Bob's Studebaker Resource Website

Bob's Resource Website

Turner Brake Install - 1970 Avanti

In June,1997, I attended the AOAI/Studebaker International Meet at South Bend. Part of the techno-weenie seminar was given by Jim Turner, creator of the Turner Front Disk Brake Conversion kit for Avanti -'63 - '84. He explained in fairly good detail what was involved in manufacturing the components and to what degree he went to assure that parts would be available for some time to come. A mounting bracket for one of the calipers was passed through the room and it appeared that the engineering was well researched. There were 2 kits offered, a deluxe version which contained everything needed to complete the changeover and a partial kit omitting calipers and rotors, for those who wanted to purchase components at perhaps a better price.

I was convinced of the quality and workmanship, so I purchased a deluxe kit in September and it showed up in 2 boxes a couple weeks later. The quality is all there, along with all the parts. Not a thing to buy except new brake (silicone) fluid. The rotors even had the new bearing races installed, and the and seals still in the box. One thing that was a delight to see was the fact that the calipers are the 5.5 inch size (GM Small). They are identical to the calipers I chose for the rear of the car except that the rear has those E-brake levers. This means that I can use the same brake pads on all four wheels.

The kit wound up to be VERY easy to install, using basic skills and following the directions. The operation is described below.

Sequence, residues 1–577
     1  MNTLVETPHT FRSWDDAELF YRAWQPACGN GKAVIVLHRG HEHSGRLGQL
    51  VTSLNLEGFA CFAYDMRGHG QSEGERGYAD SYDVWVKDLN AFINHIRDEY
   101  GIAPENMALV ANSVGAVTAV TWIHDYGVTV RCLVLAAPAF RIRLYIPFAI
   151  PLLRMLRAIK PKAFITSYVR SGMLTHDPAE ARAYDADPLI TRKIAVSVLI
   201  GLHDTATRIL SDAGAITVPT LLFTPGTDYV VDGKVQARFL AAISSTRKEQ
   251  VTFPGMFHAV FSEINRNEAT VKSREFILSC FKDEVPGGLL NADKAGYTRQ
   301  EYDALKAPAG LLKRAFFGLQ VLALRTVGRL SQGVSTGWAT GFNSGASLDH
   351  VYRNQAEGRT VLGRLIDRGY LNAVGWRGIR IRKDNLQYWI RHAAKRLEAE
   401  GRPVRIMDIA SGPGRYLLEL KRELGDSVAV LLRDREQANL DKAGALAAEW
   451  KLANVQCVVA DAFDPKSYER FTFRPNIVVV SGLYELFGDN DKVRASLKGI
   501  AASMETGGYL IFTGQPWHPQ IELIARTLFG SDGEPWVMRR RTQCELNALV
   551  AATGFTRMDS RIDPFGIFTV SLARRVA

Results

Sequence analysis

A Familiar Sight. The car's up on blocks again for another modification. This is getting to be the norm.

All the original Brake Components were removed.
Those are the much mentioned quick steering arms at the lower right.

Everything was Cleaned up.

The first piece to go on was the Spindle Mount, part one of two pieces.

Here's a Rear View after mounting.

The next part was the Caliper Bracket. Both these pieces are coated with Lok-tite and torqued.

Here's a Rear View of both parts mounted.

Next, the Caliper was checked for fit.

Following this was the heating and fitting of the

Grease Seal Adapter.
This wasn't as hard or touchy as it seemed. The quality and precision of these parts are fantastic. This piece was heated with a Mapp gas torch till the flame turned the contact area cherry red. Not the whole thing was that hot. Gripped it with a pair of channel locks and walked ten feet to the car. It slipped right on. A small piece of pipe was handy to slide after it and assure the fit while it cooled. Nothing to it!

Next, the Rotor was placed and everything checked, so the bearings were packed and the

Whole Assembly tightened down.

Here's an inside view before refitting the steering arms. Stainless steel brake lines were opted for over regular rubber shielded ones.
Jim offers both with the deluxe kit and they have a banjo fitting at the caliper.

In preparation for the makeover for the car, I had planned to replace the old style Magnum 500 wheels and the revelation about the caliper interference wasn't totally unexpected. Jim Turner does include a statement about the wheel sizes on the install sheet and offered some solutions when I emailed him, so I have no complaints there. There have been statements from individuals that have installed this kit on cars with the SAME wheels and found no problems(?). This car was purchased from a dealer, so I have to assume these wheels came on the car and am completely satisfied with the Disk brake install. The original Magnum 500 wheels were discarded for a
16" alloy
5-spoke design.

These pages and programming contained therin are © 1996 - , Bob Johnstone and may not be reproduced without the permission of Bob Johnstone All Rights Reserved.
Some technical opinions are my own from experience, other informational data is from online sources with credits when available and while care has been taken to be as accurate as possible, it is offered only as a guide and caution should be exercised in the application of it.